Lack of understanding, record leads to injustice for soldier

By Sean McCarthy

Just after Christmas, the First District Court of Appeals in Ohio overturned a decision by a trial court that had awarded lost benefits to Scott Miller, a local police officer and a staff sergeant in the Ohio Army National Guard. Mr. Miller was called to duty in October 2001 in the wake of the September 11th attacks, and was released from duty on September 11, 2002.  He was again called to colors on February 7, 2003, and was finally released on March 1, 2004. That’s a grand total of almost two years.

Eventually, Mr. Miller realized that he was entitled to lost pay from his job as a police officer- every year, public sector employees like police officers are given a limited number of paid leave days to fulfill military obligations. Mr. Miller was entitled to those days of paid leave, and applied, only to be informed that his application was late- he needed to have applied within six years of the lost days. He went to see a lawyer.

The Servicemember’s Civil Relief Act provided an answer- the time that he spent in uniform could not be counted against the six year limit. The SCRA, the most recent version of a body of law dating back to before World War II, allows servicemembers like Mr. Miller certain protections so that they aren’t unjustly penalized when called to service. When Miller’s lawyers pointed that out to the trial court, the judge agreed, and ordered the municipality to pay Mr. Miller for the lost leave time.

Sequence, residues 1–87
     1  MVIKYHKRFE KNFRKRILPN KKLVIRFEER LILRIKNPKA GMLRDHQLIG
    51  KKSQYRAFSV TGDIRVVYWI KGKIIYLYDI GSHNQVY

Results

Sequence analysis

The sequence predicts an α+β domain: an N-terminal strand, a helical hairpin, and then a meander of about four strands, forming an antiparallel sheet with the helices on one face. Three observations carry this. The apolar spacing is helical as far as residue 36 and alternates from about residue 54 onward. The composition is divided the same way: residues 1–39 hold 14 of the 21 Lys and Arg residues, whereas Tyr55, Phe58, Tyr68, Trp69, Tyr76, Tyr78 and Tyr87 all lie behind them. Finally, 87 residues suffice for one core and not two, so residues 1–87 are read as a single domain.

Bur the Court of Appeals, in reviewing the case, chose to ignore documents that Mr. Miller had relied on in his pleadings demonstrating that his service had been “active duty;” that is, that Miller had been in the service of the U.S. Army during those two years, rather than the Ohio National Guard. That was a big decision on the part of the Court.

By ignoring the character of Mr. Miller’s service, the Court then felt free to mischaracterize the protection that the SCRA offers servicemembers. It said that Mr. Miller wasn’t protected because this wasn’t “active duty,” it was instead “full-time National Guard service.” The Court was plainly incorrect in this statement.

“Full time National Guard” status, as used in the Army and the Air Force, refers to time spent in uniformed service to that state- for example, members of the National Guard may be called to deal with natural disasters such as floods, blizzards, or forest fires. When called in that status, the servicemember is at the command of the Governor of a state, and is ordinarily paid by the state government. The service is almost always counted in days, rather than months. They may be wearing an Army uniform, but they are subject to different laws and different requirements. The SCRA wasn’t designed to protect servicemembers in that situation.

It was designed to protect servicemembers, like Mr. Miller, who ordinarily work as civilians, and only take up colors when they are called to serve. For people like Mr. Miller (and, I have to confess, like me), military service is not a burden, but service away from home may make it difficult or even impossible to fulfill ordinary obligations. The SCRA says that the clock stops when we are called away, and starts right back up again when we return.

In this case, Mr. Miller should have been able to demonstrate that the time he spent away was “active duty” service for the purposes of the SCRA. In pleadings before the trial court, he relied on the paperwork that servicemembers receive when they complete a period of active duty (the DD 214). By ignoring those documents, and by misinterpreting the SCRA, the Court made a ruling that ignored Mr. Miller’s service, and denied him the protection he deserved.